Policy Briefs Books Journals

Policy Briefs on Cooperative Security, Arms Control and Disarmament

Cooperative Security, Arms Control and Disarmament

Policy Brief No.142: Strategic Risk Management in Southern Asia

Policy Brief  No.142 - December, 2022 • By Feroz Hassan Khan

This Policy Brief identifies three key strategic risks in the tenuous strategic stability at the China-India-Pakistan trijunction. Though drivers of conflict vary in each dyad, common aspirations and history of cooperative security agreements are worthy foundations for managing future strategic risks in Southern Asia. While each state in the strategic triangle faces nested security dilemmas, new sources of instabilities are compounding the strategic trilemma. The Policy Brief proposes that the three states consider new strategic risk-reduction measures through a series of multilateral and bilateral strategic dialogues at the Track-I and Track-II levels, and establish “strategic risk-reduction centres” customised to the Southern Asian strategic environment. These centres would function as a central clearing house for all past and future agreements and act as nodal points for preventing misinterpretation or tragic incidents.

Cooperative Security, Arms Control and Disarmament

Policy Brief No.141: The China–India–Pakistan Trilemma and Accidental War

Policy Brief  No.141 - December, 2022 • By Prakash Menon

The perspective of this Policy Brief is the geopolitical contestation between China-India-Pakistan. Territorial disputes harbour the potential for conflict under the nuclear overhang between China–India and India–Pakistan. The two dyads are structurally separate but are also connected. The greater danger of nuclear war in both dyads is concealed in the inability to control escalation of conflicts that may have small beginnings but can potentially spin out of control. The paper uses Clausewitz escalation model to highlight this crucial issue. A Global No First Use Treaty is proposed and one that is possible only if the dangers of nuclear war are publicised at the global level thus forcing the hand of political leaders. This is an imperative step to free the leadership from the shackles of varied impractical nuclear strategies that are unable to answer the question: what happens after the first nuclear weapon is fired?

Cooperative Security, Arms Control and Disarmament

Policy Brief No.139: Nuclear Disarmament and UN Reforms

Policy Brief  No.139 - November, 2022 • By Ramesh Thakur

This Policy Brief describes the journey from the prioritisation of nuclear nonproliferation in the 1968 Nuclear Non-Proliferation Treaty (NPT) to the reprioritisation of nuclear disarmament in the 2017 Treaty on the Prohibition of Nuclear Weapons (TPNW or Ban Treaty). It then discusses the impact of Russia’s invasion of Ukraine on the global discourse over the utility and limits of nuclear weapons as a deterrent and as tools of coercive diplomacy. Finally, it addresses the question: What does all this mean for the agenda of UN reforms?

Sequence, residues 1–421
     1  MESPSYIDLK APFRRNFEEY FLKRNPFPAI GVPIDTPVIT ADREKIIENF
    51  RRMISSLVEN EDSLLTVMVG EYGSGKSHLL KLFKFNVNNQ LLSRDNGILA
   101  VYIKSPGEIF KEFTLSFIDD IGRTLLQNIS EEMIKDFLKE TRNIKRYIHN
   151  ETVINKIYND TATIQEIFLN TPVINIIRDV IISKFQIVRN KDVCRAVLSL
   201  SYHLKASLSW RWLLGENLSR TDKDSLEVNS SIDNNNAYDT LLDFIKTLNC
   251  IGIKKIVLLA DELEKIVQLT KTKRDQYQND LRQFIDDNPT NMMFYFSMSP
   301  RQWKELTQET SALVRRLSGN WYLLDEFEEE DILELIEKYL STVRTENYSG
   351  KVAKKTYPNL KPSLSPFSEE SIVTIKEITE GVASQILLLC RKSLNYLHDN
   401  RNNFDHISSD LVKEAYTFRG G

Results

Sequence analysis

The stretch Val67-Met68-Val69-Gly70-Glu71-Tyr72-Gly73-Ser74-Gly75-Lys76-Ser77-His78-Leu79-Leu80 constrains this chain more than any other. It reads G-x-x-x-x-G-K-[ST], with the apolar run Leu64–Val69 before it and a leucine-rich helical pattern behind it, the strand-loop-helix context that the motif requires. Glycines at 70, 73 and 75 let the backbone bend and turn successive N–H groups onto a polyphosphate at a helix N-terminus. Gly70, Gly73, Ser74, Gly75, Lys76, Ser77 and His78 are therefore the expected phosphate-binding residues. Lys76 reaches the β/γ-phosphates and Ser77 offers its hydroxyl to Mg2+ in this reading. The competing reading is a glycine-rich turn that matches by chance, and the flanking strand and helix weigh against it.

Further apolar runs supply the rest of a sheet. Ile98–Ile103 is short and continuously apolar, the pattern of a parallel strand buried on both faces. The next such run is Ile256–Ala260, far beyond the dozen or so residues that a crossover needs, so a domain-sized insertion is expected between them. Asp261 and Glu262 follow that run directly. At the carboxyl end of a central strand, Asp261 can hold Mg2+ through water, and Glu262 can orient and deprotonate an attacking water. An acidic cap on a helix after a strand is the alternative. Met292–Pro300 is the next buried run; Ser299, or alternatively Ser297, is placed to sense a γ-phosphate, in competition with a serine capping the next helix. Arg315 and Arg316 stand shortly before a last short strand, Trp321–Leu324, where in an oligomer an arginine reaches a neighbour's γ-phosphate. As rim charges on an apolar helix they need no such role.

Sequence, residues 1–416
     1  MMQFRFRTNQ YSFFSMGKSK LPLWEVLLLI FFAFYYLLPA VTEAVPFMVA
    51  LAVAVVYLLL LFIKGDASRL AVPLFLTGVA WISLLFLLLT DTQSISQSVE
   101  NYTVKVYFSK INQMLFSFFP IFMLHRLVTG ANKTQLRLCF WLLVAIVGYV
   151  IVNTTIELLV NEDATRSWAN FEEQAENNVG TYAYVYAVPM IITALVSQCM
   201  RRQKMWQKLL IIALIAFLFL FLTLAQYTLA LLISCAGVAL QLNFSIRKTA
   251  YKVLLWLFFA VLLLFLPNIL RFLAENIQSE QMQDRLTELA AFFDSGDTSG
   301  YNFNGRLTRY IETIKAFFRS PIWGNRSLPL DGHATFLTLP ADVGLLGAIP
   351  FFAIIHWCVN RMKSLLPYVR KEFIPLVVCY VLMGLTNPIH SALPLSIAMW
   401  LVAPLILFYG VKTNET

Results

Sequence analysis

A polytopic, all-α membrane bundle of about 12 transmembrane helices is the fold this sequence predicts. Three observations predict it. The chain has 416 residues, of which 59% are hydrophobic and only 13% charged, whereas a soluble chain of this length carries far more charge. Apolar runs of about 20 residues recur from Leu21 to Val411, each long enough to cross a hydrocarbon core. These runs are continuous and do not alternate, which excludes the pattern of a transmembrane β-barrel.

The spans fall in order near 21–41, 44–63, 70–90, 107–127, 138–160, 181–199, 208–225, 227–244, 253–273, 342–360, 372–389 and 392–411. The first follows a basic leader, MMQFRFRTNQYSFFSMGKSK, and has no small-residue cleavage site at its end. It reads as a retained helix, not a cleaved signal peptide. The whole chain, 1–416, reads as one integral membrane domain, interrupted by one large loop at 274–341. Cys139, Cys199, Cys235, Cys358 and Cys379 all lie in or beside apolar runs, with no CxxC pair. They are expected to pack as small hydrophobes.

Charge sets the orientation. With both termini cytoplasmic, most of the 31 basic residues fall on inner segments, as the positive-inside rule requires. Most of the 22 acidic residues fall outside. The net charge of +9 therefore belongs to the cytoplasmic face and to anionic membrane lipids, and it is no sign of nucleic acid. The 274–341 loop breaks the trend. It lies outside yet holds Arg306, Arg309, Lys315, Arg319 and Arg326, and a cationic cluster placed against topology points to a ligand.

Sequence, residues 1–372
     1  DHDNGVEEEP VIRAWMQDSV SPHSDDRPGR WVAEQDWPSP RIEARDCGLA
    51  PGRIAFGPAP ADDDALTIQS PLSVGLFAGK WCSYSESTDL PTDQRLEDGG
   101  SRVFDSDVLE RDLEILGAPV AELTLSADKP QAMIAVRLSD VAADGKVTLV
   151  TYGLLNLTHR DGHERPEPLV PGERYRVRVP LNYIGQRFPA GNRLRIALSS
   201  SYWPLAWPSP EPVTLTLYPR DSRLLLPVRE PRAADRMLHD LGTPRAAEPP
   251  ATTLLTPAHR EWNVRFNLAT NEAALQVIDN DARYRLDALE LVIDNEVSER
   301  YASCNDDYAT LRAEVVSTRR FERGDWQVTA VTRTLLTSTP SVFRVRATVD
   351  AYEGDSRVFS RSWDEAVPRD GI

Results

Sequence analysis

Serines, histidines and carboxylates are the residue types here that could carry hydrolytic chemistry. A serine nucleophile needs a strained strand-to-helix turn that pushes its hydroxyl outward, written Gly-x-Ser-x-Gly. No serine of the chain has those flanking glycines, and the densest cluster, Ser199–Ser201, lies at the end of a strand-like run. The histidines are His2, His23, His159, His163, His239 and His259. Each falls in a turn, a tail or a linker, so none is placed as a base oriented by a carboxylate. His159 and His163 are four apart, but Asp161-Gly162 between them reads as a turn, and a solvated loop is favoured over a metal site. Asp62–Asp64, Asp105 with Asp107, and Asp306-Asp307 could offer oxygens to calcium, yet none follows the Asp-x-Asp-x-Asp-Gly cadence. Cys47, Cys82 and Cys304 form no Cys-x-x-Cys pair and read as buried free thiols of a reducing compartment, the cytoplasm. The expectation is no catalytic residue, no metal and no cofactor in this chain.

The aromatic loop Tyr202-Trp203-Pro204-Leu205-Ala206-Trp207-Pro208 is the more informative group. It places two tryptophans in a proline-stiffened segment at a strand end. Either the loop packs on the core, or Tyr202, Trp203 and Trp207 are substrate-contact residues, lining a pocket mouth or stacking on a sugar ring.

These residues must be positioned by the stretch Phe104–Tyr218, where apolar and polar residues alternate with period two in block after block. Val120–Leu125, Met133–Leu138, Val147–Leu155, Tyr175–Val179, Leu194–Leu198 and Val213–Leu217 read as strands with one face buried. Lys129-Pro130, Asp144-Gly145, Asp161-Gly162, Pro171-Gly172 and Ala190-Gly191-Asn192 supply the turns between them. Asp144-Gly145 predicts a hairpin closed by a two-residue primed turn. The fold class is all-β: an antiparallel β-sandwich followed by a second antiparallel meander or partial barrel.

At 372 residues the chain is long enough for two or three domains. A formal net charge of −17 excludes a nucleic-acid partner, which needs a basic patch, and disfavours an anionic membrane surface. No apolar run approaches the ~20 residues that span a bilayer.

Cooperative Security, Arms Control and Disarmament

Policy Brief No.138: The Mystery of the Nord Stream Pipeline Explosions

Policy Brief  No.138 - October, 2022 • By Ramesh Thakur

This Policy Brief, in classic thriller style, looks at means, opportunity and, most revealingly, motive of the suspects in the Nordstream sabotage. On 26 September, the Nordstream 1 and 2 pipelines were badly damaged in a deliberate act of sabotage that released huge amounts of methane gas. Almost all the Western media has pointed the finger at Russia but Moscow blames actors hostile to it. There are four plausible suspects: Russia, the US, Poland and Ukraine. Given the actors involved, the issues at stake and the impotence of the UN system caught in the crossfire of great power rivalry, an impartial independent investigation is extremely unlikely. 

Cooperative Security, Arms Control and Disarmament

Summary Report No.135: The NPT, the TPNW and the Future of Arms Control and Disarmament After Ukraine

Summary Report  No.135 - August, 2022 • By Hugh Miall

This is the Summary Report from a June 2022 international workshop of experts and diplomats which concluded that the assumptions on which nuclear deterrence are based need to be challenged, and the dogma that nuclear deterrence will always be effective should be questioned. Held to coincide with the First Meeting of States Parties to the TPNW, the workshop noted that civil society and like-minded states have so far worked together to make progress on the TPNW and must continue to do so. The workshop which was convened by Toda Peace Institute and the Vienna Centre for Disarmament and Non-Proliferation, gave particular attention to the impact of the war in Ukraine on the perceived value of nuclear deterrence, and the relationship of the TPNW to other treaties and political alliances.